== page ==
It seems that in order to hear his voice clearly, one has to be listening for it. I guess otherwise you might hear just a rumble. You might see a “light,” but miss the words that he speaks out of the light. Maybe you’re content to have an exciting spiritual experience (lightning, thunder, or an angel visitation), but along with it, I want to know what he says to me, what he wants me to know or to do.

He spoke to Elijah in a “still small voice,” and not in the cataclysmic wind, earthquake, or fire (I Kings 19:11-12). The mode in which he spoke to young Samuel was so “human-sounding” that he thought it was his mentor Eli (I Samuel 3:2-10). We might miss what God is saying to us because we expect him to sound like God, but instead his voice might be more like that of our closest human friend!

At his beck and call…

I had an interesting experience when I was a young Jesus follower. I was working in Southern California at UPS while going to college and doing my level best to learn how to hear his voice and do what he says. I was living in the school dorm at the time, and because of my work schedule I missed the dinner they served in the college cafeteria (which, if you know dorm food, you know what kind of blessing that was!). Starving from unloading trucks all afternoon, I ate at some fast food place every night after work. When you’re young your metabolism can burn out just about anything – even Big Macs and Fries! Anyway, I was at Mickey D’s just about to devour my fast “food” when I distinctly sensed a whisper (not in my ear, but inside somewhere): “Fast tonight.” Before I could talk myself out of it, I put my burger, fries and chocolate shake back in the bag, went to the dorm lobby, and said out loud, “Who wants McDonalds?” I didn’t have to ask a second time; within about 5 seconds I was standing there empty-handed, with dorm-mates beginning their post-burger burping!

Then I went to the prayer room on the first floor (about the size of a walk-in closet) and said, “OK, what was that about? Did I hear you right? Is there something on your mind?” I can’t say that I got any sort of revelation that night, except that it occurred to me that he might just have wanted to test my ability to hear and willingness to obey what I heard. (It’s certainly possible that I was mistaken all along, and that it was only my own thoughts I was hearing. I can’t say for certain. But I did what I thought he wanted me to do at the time.) It might have been like a “sound check” that one does with a microphone – “Check… One, two, three… Uno, dos, tres… This is only a test of the Emergency Broadcasting System…” I think the Lord does these sound checks from time to time, not for his sake, but for ours; so we’ll be sure we’re hearing right.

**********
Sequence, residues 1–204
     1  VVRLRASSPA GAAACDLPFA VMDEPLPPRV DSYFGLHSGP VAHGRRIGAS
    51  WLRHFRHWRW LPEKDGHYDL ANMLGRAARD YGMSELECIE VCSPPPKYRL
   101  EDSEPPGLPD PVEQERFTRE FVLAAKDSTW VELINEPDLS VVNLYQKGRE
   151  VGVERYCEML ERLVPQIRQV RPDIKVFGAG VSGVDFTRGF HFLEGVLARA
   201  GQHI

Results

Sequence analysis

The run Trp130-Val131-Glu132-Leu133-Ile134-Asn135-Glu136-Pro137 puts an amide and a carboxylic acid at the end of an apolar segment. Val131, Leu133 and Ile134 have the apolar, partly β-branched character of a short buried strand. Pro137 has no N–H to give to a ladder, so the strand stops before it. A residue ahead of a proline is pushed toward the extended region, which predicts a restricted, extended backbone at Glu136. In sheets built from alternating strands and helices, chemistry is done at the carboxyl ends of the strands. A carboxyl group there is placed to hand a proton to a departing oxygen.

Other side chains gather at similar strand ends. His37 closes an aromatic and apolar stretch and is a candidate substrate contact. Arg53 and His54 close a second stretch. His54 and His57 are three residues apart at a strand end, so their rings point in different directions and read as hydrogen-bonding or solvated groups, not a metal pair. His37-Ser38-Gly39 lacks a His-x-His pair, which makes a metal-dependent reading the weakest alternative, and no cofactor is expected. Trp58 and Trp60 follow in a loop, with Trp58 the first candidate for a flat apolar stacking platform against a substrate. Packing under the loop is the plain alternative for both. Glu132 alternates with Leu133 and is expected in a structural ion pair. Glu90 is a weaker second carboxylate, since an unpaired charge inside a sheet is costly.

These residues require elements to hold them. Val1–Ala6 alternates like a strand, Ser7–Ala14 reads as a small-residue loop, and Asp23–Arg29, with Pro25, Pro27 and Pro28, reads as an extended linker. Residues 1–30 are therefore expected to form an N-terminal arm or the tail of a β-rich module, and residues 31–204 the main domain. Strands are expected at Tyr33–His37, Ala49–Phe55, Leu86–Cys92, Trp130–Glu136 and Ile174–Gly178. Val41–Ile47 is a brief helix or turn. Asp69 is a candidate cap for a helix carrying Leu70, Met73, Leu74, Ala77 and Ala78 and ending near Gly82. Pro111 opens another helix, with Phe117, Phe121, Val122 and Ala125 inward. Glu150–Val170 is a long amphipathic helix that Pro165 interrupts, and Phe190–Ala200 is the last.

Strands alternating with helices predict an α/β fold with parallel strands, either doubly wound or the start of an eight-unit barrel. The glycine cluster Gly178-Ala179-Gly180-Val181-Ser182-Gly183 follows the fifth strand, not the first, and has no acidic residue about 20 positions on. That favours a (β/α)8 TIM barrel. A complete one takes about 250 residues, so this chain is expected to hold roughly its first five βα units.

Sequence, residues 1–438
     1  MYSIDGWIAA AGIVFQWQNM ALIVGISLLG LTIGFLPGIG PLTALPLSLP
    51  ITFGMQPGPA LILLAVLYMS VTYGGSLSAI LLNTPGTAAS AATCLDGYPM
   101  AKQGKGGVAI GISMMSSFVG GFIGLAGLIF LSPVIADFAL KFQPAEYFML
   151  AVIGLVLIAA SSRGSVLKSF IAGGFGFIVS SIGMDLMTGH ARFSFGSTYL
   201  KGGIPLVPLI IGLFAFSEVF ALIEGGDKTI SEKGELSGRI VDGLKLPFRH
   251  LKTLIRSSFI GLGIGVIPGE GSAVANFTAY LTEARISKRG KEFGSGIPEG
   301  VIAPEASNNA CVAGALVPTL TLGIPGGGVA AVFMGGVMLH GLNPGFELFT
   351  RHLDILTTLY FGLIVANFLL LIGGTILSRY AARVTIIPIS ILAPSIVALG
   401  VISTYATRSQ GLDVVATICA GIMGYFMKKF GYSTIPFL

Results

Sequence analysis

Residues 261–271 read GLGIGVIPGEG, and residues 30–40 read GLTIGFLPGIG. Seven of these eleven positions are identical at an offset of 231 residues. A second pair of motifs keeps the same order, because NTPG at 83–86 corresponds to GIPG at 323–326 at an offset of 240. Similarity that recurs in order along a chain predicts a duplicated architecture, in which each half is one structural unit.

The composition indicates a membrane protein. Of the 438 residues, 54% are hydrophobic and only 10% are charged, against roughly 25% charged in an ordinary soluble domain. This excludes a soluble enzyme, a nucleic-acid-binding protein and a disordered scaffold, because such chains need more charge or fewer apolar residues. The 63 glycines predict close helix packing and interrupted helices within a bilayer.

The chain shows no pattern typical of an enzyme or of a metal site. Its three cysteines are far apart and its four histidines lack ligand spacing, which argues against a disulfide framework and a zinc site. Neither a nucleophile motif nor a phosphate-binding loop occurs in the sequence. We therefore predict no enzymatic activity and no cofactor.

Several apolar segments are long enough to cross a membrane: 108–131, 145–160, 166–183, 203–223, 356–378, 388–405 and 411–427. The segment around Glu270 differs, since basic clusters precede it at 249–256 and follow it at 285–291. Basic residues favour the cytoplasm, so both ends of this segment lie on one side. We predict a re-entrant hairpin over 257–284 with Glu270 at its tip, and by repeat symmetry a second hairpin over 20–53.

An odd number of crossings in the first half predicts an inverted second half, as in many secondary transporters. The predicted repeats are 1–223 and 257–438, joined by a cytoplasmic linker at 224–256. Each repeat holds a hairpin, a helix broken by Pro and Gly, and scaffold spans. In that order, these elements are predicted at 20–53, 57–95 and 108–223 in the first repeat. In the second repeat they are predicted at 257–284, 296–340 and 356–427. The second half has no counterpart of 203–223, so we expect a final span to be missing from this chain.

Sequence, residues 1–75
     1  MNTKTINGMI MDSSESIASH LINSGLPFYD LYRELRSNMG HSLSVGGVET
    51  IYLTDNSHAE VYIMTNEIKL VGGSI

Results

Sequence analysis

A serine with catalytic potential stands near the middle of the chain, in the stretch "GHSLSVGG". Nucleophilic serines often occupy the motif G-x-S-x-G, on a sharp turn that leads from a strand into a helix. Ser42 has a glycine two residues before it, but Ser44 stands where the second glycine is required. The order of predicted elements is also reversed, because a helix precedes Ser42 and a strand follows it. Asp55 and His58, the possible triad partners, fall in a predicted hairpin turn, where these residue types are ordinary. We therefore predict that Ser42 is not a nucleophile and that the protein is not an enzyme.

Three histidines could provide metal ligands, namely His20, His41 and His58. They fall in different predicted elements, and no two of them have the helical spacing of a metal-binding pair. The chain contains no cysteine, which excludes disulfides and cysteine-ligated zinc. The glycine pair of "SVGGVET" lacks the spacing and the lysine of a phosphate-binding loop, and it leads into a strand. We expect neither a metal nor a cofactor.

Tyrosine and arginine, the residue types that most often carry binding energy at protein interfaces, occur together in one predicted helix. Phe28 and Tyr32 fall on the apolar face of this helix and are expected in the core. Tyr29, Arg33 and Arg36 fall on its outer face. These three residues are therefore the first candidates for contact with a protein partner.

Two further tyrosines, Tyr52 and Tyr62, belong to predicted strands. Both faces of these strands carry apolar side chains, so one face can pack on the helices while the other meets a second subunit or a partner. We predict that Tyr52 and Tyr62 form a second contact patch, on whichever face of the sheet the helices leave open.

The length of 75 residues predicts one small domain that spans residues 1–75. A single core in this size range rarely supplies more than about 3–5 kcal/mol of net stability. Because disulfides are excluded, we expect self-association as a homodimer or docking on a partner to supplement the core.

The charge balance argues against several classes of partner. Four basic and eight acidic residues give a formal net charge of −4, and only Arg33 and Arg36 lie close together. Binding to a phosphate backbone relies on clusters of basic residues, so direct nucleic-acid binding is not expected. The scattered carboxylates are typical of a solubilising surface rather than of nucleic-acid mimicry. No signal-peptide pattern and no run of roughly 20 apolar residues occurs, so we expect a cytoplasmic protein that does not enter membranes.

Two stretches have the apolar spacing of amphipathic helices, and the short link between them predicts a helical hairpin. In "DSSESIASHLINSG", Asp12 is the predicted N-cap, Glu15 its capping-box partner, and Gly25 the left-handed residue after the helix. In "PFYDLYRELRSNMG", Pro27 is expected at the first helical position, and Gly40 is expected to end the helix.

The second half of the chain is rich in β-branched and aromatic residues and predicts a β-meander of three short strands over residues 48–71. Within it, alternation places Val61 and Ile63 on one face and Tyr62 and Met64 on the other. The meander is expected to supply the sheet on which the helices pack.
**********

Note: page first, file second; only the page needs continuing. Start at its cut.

I’ve used ABC for years to summarize how a person might come to a saving relationship with Jesus (Admit, Believe, Commit). But I devised another ABC for the one who has already come to believe in Jesus. It’s a second ABC for someone who wants to know how to proceed in his/her friendship with him – At his Beck and Call.

I like to think that I’m at God’s beck and call. If I am, I’ll be willing to do what he calls me to do, and it shouldn’t take more than his “beck” to get my attention. (“Beck” is an old English word – the shortened form of beckon – that means a subtle gesture or mute signal like a nod or a slight motion of the hand.) I want to know him so well that he should only need to nod or glance my way in order to get my attention and direct me to do whatever he has in mind.

“Consider carefully how you listen…” Luke 8:18

[I’ve been busy trying to get my memoir ready for publication. Almost there! Anyway, I’ve been reposting a few things. This is a revised version of chapter 4 of the series called, “How God Guides.”]

2 Replies to “He speaks. Can you hear him?”